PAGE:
Welcome to this new blog!
This is my blog, a place where I may talk about some random stuff, I can't say for sure what will be the subjects yet.
It mays range from fun facts, devlogs, random rambling about stuff, or essays, whatever.
How does this website work?
Ok, time to talk about this website since there's a blog. This website allow me to share my own opinions, share knowledge, share my projects, share some random online tools, sometimes even just to experiment some stuff with web technologies, etc.
As of the time of writing, the website is statically hosted on GitHub Pages. This is very neat as hosting something myself was kind of hard, thought that might change in the future (who knows). But it also has its share of issues...
One issue you might think of is... well... You can't really make anything dynamic. Everything need to be generated at deployment.
Custom Build Tools
To make a website, you honestly have a fair amount of frameworks available, and in almost any language you would want (but please, ignore that one forum software written in assembly).
Though, web technologies and me are not the best friends in the world. I have some... strong opinions about them.
I knew that I wanted to kind of use Markdown for some of the content I would write, and I knew that I didn't want to use Vue.js after my last venture. I also knew that I wanted something that wouldn't require webpack to get everything working, I didn't want any magic tooling, I wanted to know how everything worked for once.
That... reduces a lot my choices.
I ended up choosing making my own tooling, and using Deno.
This was risky (and still is), making your own tooling exposes you to potential weird bugs that you would have to worry about yourself! And proof that it bites me back regularly, I tried to use the
[Deno]: https://deno.land/ syntax for linking the Deno pages on this blog post and for some reason the
syntax wasn't reconigizing the correct reference, as it's case-sensitive and somehow the reference got lower-cased...
Despite that it gave me some freedom, if I wanted a custom Markdown extension, I could just make it!
So here I started, I started small, making just the skeleton of each web pages to a template, and create the tutorial processor to read the markdown files and turn them into tutorial pages.
I also looked into using SCSS to replace my one-file CSS file, it was becoming way too big and hard to manage. And the extra custom syntax it provides is really neat, like nesting (may the official CSS nesting syntax make it soon).
To debug all of that I expanded the build script into being able to launch a full HTTP server and auto-refresh if I modify any file.
After that I started working on a component system so I can write other pages directly in HTML and reduce the amount of repetition of structures so it makes tweaking or updating much easier (and less prone to errors).
And lately, I finally wrote the blog processor.
This was both a blessing and a curse.
But then comes the curse... The terrible terrible curse.
array.splice(index, 0, element), it's kind of mind-boggling. Why isn't there an
While writing the blog processor, the thing that made me angry was the
object. I dared wanting to display the date the blog post was written (or modified).
This means I need to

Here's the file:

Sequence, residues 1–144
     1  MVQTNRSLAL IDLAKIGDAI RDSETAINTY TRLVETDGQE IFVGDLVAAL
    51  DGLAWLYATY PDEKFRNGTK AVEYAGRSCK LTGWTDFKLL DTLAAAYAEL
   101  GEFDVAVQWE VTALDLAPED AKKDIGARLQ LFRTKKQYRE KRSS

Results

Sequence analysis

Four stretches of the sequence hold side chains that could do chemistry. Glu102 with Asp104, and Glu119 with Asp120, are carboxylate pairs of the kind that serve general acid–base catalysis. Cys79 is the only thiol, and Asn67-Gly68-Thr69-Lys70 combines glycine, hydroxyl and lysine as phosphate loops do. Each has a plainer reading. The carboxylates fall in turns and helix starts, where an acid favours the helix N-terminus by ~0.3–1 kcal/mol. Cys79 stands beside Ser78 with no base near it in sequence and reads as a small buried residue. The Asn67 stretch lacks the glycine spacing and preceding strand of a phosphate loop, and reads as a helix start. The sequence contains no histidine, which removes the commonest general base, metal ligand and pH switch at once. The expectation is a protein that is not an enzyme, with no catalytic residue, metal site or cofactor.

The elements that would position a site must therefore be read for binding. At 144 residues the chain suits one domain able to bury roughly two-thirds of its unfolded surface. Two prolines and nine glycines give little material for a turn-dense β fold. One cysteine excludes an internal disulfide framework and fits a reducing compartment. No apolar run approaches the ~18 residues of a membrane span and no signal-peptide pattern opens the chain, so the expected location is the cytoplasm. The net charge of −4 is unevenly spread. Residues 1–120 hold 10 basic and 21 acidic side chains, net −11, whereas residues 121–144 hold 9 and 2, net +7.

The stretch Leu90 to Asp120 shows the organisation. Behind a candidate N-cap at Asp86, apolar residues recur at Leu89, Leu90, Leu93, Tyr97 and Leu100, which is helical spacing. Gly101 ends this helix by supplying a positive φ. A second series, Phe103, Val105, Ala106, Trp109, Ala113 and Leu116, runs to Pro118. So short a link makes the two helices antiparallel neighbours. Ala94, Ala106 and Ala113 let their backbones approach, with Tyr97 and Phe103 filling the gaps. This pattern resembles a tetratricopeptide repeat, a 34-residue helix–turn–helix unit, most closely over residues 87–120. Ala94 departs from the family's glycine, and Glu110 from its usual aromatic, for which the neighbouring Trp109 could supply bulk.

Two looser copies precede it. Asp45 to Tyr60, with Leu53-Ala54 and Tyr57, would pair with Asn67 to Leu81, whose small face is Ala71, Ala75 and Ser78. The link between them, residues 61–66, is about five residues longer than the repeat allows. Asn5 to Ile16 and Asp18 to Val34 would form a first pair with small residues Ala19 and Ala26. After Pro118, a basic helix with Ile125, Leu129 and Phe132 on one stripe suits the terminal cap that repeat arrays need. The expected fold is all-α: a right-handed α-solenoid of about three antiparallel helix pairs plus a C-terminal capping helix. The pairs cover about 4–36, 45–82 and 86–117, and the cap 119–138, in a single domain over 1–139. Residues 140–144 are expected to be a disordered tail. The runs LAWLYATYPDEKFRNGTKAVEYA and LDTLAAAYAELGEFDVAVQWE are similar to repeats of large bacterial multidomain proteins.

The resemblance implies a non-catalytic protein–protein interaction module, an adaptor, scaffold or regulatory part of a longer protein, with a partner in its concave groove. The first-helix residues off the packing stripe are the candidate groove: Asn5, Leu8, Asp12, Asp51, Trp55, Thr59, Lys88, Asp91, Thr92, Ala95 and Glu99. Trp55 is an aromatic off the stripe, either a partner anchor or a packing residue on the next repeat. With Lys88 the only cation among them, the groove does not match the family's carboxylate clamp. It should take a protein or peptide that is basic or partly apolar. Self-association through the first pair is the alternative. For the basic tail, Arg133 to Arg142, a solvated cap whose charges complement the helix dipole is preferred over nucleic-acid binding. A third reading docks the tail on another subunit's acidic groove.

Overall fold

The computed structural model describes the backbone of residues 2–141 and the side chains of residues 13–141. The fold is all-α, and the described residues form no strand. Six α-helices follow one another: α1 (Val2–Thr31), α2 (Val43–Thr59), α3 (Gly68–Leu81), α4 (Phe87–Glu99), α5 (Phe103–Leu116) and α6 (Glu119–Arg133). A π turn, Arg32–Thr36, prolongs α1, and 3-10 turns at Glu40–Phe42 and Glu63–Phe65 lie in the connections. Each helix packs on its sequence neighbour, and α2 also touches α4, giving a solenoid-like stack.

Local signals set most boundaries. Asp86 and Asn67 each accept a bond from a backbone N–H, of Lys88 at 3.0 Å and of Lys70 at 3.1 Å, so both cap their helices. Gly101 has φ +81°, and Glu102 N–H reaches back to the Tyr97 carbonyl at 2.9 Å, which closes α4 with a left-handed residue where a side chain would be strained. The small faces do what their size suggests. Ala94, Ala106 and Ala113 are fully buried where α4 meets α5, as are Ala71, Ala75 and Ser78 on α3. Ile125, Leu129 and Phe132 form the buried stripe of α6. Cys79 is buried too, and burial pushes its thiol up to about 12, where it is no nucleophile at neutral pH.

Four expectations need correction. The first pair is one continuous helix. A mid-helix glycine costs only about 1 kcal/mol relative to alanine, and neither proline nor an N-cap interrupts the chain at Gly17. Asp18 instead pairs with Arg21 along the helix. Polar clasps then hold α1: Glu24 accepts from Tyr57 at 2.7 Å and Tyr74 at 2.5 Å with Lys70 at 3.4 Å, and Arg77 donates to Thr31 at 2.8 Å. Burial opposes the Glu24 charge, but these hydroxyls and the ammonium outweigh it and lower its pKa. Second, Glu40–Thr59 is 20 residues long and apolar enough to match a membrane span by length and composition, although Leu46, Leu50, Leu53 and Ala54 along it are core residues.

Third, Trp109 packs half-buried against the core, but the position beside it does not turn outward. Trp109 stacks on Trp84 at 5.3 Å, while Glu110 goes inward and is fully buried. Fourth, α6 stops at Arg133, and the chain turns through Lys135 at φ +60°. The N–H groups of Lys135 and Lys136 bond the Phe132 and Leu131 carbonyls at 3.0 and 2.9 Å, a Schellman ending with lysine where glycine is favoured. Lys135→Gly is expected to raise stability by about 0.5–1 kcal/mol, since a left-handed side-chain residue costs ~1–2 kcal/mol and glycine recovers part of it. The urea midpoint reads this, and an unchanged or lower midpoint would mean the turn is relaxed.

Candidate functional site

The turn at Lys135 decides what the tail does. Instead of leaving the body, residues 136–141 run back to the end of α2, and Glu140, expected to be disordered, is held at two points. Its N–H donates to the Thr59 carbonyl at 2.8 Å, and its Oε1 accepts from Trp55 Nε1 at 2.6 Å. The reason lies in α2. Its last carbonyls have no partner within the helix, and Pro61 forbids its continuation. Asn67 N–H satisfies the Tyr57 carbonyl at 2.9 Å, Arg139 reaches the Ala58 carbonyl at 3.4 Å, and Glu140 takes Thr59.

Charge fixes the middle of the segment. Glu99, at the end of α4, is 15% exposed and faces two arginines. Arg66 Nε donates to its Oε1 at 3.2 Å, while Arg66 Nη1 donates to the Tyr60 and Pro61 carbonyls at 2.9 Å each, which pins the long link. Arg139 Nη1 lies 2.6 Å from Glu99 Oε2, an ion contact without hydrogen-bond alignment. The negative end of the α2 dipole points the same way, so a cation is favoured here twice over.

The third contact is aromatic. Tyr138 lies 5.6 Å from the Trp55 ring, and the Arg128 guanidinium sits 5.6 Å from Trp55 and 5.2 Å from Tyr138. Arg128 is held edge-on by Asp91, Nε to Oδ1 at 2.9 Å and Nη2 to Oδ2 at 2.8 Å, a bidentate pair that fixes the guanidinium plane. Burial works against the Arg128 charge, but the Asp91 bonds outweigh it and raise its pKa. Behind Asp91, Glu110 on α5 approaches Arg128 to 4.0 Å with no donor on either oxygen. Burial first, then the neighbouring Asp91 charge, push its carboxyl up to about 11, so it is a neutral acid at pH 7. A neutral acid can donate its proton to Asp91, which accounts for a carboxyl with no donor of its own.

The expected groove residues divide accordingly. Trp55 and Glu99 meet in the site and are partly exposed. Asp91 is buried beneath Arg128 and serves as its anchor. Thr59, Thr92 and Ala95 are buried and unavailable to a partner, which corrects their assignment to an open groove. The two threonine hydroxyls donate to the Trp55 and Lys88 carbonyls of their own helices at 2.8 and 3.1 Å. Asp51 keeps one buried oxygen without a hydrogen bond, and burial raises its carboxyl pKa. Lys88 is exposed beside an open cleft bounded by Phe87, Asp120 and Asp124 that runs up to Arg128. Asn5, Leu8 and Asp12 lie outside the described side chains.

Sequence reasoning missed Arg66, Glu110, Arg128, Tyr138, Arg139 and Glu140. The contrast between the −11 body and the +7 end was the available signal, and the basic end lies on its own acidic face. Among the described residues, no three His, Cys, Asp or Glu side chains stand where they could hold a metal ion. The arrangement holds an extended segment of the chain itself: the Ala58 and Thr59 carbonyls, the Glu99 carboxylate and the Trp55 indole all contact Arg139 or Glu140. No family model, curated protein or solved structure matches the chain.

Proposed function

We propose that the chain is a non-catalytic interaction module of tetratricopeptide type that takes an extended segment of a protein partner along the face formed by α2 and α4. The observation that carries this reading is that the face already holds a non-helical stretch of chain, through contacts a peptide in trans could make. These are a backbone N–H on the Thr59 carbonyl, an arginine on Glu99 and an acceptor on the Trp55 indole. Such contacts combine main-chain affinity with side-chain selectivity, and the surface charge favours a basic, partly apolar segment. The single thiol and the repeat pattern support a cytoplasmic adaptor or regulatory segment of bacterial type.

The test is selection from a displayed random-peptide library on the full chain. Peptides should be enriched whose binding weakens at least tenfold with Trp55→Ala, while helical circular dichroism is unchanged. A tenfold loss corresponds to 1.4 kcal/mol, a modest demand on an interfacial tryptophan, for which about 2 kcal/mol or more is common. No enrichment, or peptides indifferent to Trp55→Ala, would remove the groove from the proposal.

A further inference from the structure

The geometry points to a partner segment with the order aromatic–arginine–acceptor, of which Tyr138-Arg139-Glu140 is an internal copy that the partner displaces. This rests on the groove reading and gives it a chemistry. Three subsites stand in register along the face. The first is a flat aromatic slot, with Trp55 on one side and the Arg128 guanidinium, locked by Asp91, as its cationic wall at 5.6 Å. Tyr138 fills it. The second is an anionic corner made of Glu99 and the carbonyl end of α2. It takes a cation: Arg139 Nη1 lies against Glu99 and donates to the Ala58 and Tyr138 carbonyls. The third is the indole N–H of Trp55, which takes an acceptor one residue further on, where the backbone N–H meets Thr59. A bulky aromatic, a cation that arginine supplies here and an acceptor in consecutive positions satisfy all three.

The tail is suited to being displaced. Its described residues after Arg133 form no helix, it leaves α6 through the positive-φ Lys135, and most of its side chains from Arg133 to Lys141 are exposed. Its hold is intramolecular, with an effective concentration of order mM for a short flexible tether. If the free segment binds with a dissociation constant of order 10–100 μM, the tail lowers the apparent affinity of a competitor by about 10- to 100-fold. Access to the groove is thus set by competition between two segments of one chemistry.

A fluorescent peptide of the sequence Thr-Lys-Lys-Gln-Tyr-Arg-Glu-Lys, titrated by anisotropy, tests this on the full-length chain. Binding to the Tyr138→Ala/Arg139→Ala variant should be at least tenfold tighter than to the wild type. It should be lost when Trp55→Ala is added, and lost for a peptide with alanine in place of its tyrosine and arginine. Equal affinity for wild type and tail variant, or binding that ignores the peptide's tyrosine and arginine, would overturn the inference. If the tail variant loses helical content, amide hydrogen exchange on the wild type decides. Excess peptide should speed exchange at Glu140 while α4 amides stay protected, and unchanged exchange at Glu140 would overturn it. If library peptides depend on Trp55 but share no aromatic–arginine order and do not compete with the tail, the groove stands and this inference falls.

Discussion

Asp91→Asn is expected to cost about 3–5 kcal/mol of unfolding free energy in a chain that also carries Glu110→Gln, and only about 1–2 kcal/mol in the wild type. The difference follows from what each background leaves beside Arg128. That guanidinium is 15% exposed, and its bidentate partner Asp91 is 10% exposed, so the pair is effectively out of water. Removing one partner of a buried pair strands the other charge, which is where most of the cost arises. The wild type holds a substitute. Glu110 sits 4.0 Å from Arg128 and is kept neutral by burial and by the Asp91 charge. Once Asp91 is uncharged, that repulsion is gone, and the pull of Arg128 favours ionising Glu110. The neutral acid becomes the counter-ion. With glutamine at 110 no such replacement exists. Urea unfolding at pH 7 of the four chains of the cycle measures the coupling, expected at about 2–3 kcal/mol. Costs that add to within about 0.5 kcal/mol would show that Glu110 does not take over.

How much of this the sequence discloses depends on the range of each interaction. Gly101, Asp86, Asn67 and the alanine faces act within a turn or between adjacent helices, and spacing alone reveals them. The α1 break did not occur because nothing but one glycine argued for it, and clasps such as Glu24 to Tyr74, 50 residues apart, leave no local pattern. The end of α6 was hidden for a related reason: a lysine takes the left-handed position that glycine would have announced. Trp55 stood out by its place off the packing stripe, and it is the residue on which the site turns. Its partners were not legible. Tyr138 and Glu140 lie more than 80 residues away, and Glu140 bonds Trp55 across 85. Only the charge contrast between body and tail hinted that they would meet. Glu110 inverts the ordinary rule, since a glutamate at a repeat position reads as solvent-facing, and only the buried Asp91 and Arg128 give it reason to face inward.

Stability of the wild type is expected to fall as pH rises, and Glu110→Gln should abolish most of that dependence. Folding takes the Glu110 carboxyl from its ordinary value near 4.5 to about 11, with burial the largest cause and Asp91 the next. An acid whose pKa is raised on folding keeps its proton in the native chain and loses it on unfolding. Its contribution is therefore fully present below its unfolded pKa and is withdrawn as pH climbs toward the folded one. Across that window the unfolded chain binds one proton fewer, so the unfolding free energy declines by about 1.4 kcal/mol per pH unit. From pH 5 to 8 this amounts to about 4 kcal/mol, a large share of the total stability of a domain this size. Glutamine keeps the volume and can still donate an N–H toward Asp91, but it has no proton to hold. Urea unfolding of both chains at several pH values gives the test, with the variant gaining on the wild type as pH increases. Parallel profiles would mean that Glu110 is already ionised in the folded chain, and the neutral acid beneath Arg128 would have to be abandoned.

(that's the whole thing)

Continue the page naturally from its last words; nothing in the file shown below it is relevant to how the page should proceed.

the file for the modification date, and parse a date in the blog post. Everything's fine. And here's come the
Date.getDay doesn't return the day of month. It returns the day of week. And the actual method for the day of month is
Date.getDate which is not intuitive.
You might argue that I'm wrong. Maybe I am! But I'd prefer a
getDayOfWeek method and
getDay returning the day of month.
Solving The Dynamic Issue
Now that I finished my ramble about web technologies, let's talk about solving one issue: having dynamic content in a statically-built website.
To those who it might be familiar, I maintain an OptiFine alternatives list. This specific project started as a simple Gist, which was fine at first, but it quickly got limited:
- load times were terrible since the browser had to load all the comments and they were accumulating;
- Chinese users had trouble accessing the Gist;
- Markdown was severely limiting for displaying a list that was progressively getting more and more complex;
- maintenance was tedious.
Thus started the GitHub repository variant with one goal: generate an actual web page for the list. This goal had constraints:
- keep a similar layout,
- allow people to contribute (GitHub repository solved that, Gist doesn't have pull request features and having to manually maintain it was kind of tiring),
- present the mods in a more intuitive and rich manner,
- keep a comment section.
And that's how another Deno-based project started.
Solving the comments issue was a bit hard. I had heard of uterrances, a script to execute on the page to make the comments of a GitHub issue show up as the comments of the page. This was neat but had issues: it would require me to get an issue opened for discussion and not actual issues, it has the same issue as Gist comments which is replying has bad UI.
After searching for a long time I settled on giscus. Absolutely the same principle, but it's using GitHub discussion instead, which solve every issues I had, great!
And this is how I solved the dynamic issue of that page.
To conclude this blog post, making this website from almost the ground up has been a journey, a long one.
But I think I'm beginning to be happy with the results, despite all the jank hidden behind.